Bill Wyman earned the reputation as the best center Darrell Royal ever coached, and he did it against some of the best nose guards in college football. Wyman, a finalist for the Lombardi Award in 1973, was a two-time All-SWC selection. He was tabbed consensus first-team All-America in 1973.Wyman has been named to the Cotton Bowl, Southwest Conference and all-South all-Decade teams of the 1970s. He was the lynchpin of the Wishbone attack, which produced all-Americans such as Jim Bertelsen and Roosevelt Leaks. Wyman helped UT win three straight conference titles and finish in the nation's Top 10 in his final two seasons. The Longhorns carved a record of 26-7, including a 10-1 season in 1972 during Wyman's career at UT. Wyman is currently working in the construction business.
TRAVIS ECKERT (Baseball 1952-54)
A team leader in almost every offensive category, Travis Eckert earned all-star honors as an outfielder on teams that won three Southwest Conference championships and finished as the National Championship runner-up in 1953. Eckert was an All-SWC selection and second-team All-America on the Longhorn team that went all the way to the finals of the NCAA College World Series in 1953. He again earned All-SWC honors and was a third-team All-America pick in 1954. Through the 1968 season, when the schedule was limited to no more than 30 regular season games, Eckert ranked first in career triples and total bases, and was second in home runs. After a four-year stint in professional baseball following his time at Texas, Eckert returned to Austin and entered the insurance business. For 37 years he volunteered as an official at the Texas Relays, and he was one of the founders of the Texas Relays Officials Association.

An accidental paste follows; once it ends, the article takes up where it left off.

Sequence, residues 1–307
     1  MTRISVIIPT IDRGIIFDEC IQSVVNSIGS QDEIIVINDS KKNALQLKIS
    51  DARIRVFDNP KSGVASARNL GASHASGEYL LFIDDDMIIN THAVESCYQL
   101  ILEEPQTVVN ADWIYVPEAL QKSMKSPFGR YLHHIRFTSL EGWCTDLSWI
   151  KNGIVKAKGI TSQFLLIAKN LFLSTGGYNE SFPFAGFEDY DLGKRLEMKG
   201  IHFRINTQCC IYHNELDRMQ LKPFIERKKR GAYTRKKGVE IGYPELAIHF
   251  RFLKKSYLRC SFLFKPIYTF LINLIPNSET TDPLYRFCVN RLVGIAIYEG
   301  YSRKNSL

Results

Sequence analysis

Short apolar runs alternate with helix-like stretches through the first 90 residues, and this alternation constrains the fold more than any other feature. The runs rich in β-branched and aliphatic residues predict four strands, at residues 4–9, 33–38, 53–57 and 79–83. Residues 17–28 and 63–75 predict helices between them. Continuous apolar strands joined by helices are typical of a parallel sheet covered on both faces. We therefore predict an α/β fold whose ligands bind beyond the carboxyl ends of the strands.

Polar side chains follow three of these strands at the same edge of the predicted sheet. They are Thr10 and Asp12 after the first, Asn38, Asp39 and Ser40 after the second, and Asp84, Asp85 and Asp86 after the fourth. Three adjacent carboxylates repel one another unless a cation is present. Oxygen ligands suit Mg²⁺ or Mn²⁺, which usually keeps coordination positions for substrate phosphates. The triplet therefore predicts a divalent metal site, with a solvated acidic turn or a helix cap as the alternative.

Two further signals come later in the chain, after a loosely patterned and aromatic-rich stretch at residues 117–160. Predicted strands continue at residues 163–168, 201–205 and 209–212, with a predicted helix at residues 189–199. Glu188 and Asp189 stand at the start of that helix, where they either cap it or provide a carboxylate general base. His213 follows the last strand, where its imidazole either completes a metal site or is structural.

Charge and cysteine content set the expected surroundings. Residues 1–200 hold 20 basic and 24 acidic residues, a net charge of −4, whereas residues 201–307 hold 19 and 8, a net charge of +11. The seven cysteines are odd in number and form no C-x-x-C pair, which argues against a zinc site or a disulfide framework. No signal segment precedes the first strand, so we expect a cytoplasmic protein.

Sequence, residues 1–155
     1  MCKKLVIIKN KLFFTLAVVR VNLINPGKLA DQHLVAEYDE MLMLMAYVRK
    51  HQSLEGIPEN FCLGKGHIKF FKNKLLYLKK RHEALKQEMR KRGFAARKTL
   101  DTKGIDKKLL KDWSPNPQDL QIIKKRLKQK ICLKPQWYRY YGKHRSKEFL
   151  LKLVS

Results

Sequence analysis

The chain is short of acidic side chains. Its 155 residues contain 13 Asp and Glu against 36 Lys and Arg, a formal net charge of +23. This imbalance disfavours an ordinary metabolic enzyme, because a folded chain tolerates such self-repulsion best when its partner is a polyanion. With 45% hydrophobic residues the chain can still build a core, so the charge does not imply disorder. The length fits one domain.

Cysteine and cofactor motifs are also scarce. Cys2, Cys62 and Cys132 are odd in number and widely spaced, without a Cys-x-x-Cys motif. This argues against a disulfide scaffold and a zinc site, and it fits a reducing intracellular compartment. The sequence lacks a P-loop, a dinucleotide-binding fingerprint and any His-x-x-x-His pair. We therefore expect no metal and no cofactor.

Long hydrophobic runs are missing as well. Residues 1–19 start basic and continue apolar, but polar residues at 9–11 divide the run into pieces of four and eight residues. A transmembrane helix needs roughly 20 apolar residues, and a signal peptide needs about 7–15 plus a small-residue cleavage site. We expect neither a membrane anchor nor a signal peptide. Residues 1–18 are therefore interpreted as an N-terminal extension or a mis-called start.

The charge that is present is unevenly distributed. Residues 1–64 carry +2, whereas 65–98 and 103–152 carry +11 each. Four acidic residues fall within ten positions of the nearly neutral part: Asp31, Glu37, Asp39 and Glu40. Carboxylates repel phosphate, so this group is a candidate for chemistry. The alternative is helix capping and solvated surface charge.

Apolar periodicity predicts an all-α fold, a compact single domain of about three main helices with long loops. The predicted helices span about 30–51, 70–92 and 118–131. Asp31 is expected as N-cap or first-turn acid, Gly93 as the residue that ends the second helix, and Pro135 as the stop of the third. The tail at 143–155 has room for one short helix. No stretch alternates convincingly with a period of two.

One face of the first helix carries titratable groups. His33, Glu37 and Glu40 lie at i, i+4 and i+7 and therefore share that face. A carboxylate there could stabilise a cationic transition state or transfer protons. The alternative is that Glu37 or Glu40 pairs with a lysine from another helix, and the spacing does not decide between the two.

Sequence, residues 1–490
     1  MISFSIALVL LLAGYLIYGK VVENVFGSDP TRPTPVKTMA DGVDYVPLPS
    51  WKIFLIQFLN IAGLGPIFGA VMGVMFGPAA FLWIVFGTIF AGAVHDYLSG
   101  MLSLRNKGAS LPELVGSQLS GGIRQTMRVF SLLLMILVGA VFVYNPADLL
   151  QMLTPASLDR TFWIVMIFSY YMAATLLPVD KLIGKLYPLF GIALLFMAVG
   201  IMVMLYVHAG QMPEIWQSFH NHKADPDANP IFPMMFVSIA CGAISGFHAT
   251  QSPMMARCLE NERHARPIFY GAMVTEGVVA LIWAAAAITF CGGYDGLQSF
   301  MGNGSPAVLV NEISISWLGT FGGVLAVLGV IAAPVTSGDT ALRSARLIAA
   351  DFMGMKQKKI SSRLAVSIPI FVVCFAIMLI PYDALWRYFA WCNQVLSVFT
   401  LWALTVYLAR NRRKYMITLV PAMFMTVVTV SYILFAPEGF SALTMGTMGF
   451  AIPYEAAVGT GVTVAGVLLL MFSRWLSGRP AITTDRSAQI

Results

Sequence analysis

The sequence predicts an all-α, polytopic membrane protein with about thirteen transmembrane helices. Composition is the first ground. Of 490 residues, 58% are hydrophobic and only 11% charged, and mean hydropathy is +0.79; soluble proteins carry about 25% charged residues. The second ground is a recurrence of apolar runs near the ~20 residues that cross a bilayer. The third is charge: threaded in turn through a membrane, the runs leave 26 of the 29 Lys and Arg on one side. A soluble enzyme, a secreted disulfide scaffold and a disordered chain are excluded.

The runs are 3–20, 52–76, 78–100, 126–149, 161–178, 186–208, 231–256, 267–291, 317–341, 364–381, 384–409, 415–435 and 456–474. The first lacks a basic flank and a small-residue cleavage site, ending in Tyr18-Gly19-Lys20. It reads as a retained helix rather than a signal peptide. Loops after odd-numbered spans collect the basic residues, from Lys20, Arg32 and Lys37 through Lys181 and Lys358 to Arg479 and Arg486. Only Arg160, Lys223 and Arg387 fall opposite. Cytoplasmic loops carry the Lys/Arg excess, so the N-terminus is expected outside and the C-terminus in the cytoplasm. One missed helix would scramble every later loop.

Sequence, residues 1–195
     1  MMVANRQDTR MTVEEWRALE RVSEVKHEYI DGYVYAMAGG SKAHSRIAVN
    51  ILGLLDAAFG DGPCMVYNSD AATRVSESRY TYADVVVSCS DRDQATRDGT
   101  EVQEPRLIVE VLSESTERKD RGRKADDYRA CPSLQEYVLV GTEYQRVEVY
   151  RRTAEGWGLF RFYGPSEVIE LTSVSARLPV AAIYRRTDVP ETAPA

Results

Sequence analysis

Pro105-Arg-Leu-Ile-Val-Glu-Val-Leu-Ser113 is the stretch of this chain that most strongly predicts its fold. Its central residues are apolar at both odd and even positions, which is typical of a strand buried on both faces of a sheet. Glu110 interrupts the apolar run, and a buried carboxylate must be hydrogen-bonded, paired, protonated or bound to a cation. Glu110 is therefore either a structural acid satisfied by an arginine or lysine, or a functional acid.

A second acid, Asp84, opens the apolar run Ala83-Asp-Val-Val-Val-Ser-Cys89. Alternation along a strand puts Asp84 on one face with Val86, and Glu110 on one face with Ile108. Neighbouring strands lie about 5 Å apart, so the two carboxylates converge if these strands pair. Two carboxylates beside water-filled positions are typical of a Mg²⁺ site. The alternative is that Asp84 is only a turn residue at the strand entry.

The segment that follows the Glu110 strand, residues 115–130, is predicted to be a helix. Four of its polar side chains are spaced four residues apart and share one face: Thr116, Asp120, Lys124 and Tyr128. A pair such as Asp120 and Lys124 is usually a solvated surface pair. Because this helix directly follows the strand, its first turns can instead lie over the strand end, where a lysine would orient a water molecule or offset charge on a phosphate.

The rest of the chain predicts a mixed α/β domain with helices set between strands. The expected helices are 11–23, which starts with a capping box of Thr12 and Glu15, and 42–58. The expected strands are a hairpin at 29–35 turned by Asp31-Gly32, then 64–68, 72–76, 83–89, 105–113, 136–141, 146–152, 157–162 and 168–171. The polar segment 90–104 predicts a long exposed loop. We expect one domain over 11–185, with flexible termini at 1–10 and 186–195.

MELVIN R. "PAT" PATTERSON (Swimming 1955-56 / Head Swimming Coach 1971-78)
Melvin R. "Pat" Patterson became a swimming icon at Texas during his time as a participant and a coach for Longhorns swimming. Captain of the 1956 Longhorn swimming team, he was one of the top point scorers as Texas challenged SMU's pool domination with an upset SWC victory in 1955. Following his graduation from Texas, he helped start the renowned Dad's Club Swimming Team of Houston. He went on to serve as head coach at Rice, Arkansas, SMU and Texas A&M. In 1971, he began a tenure as men's swim coach at Texas that lasted for eight seasons. During that time, he produced 21 SWC champions and 12 All-Americans. He also served as UT's first swim coach for Intercollegiate Athletics for Women. Following his years at Texas, he went into public school administration. From 1978 until he retired in 1990, he served as principal of Westlake High and Eanes Junior High, as well as assistant superintendent of the Eanes ISD. He finished his career as superintendent of the Sweeny, Texas ISD.